goal of this lesson is provide students hands on experience building
nets and creating rectangular prisms. To help build this understanding,
students will use manipulatives to explore the relationships between
nets, 3-dimensional figures, volume, and surface area. Polydrons are
plastics pieces with hinged edges, which connect to each other to form
polyhedra, and should be used if available. Alternately, use Klikkos, a
similar type of manipulative.
Cube Net Built out of Polydrons
Cube Built out of Polydrons
If Polydrons and Klikkos are unavailable, square pieces of paper
and tape can be used. While it is possible to build the shapes out of
paper, they will not be as easy to alter. Each group will need many
squares, so cut these out ahead of time. Keep the squares relatively
small with a side length of about 2 inches. Also, interlocking cubes,
if available, can be used for the surface area analysis.
Hand out the Building Blocks
activity sheet. Divide students into groups of 3 and give each student
in the group 6 Polydrons. Ask students to connect their Polydrons to
form the shape shown in Question 1. Draw this net on the board so
students can use this as a comparison when creating their additional 10
nets in the questions that follow.
Have students fold the net up into a cube and have a discussion
about nets and how they are used to create 3-dimensional objects. Do
not mention surface area at this point. Challenge students to create 10
additional nets that create a cube. When a student suggests that they
have new net, have them first ensure it folds up into a cube and then
bring their net to the board rotating it to make sure it is not a
duplicate. Then, have them draw their net on the board. Students should
also sketch these nets on the graph in Question 2. After students
believe they have the 11 nets, they can use the Cube Nets tool to check their solutions if computers are available.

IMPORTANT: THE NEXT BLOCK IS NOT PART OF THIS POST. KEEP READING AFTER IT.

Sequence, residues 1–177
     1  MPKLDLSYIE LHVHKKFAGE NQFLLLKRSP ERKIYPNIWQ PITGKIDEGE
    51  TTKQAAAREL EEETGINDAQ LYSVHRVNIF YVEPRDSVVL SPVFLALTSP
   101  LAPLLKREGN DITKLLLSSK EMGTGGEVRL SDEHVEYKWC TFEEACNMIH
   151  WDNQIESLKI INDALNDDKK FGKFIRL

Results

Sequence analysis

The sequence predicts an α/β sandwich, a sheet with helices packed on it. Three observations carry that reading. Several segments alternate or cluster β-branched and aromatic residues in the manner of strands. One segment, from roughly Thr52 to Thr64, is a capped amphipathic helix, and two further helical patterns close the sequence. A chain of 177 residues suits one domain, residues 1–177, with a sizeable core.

Allow time for groups to complete the activity sheet. Walk among
the groups, and observe how students answered Question 5. Did they use
the formula and subtract the top or did they add up the areas of the
sides? Ask students how they can use their Polydrons to answer the
question. Students may also have other ideas. Use this example for a
class discussion on how the surface area formula will not calculate the
correct answer unless students understand its meaning. Ask students how
they calculated surface area and use the opportunity to discuss how
students can use different methods to solve the same problem.
If groups finish early, ask them to predict the ratio of two
surface areas and the ratios of the two volumes for a cube in which
they assume each side has length 3 and go through the same steps they
used for the 2×2×2 cube analysis.
Have a classroom discussion about Question 12. Many students
intuitively think the surface areas and volumes double. If students
have not discovered it on their own, discuss that the ratio of the
volumes is the cube of the ratio of the sides, and the ratio of the
surface areas is the square of the ratio of the sides. This will be
more apparent to groups that have time to consider the 3×3×3 situation.
Distribute the Fishing for the Best Prism
activity sheet. As a class, students will suggest 3 different
rectangular prisms that have a volume of 8 cubic units. Based on the
total number of groups in the class, divide up the 3 configurations.
Multiple groups can work on the same configuration if there are more
than 3 groups. Each group should complete pages 1 and 2.
Students may need help creating the net in Question 2 because
they may start immediately to build the prism. Have models of both a
net and an isometric drawing of a rectangular prism that students can
reference as they work on page 1. Review students’ answers for the
volume, surface area, and surface area of a fish tank. If necessary,
show student how to rotate their rectangular prism to find the various
configurations for the fish tank.
As a class, review the answers to the questions on pages 1
and 2. The discussion should build on their discoveries from the
Building Blocks activity. Students investigated a real-life open ended
problem in Questions 5–9. A tropical fish company hired the students to
build the most appealing fish tank. In Question 9, students may not
choose the cheapest fish tank because it may not be the most appealing.
It is an important question. Students apply math to a practical
problem, which should help them realize that a mathematical solution is
an option but there are other factors that influence decisions.It is
important for this activity that you allow students to be creative.
To conclude the activity, write the questions on page 3 on the
board, allowing ample space under each for answer. Assign each group to
begin with a different question, and then have groups walk from
question to question and write their answers underneath. If for a
particular question their answer is the same as another group, they
should be encouraged to create a picture or alternative explanation
that helps illustrate the answer. Once all groups have contributed
their answers to all questions, review the answers as a class.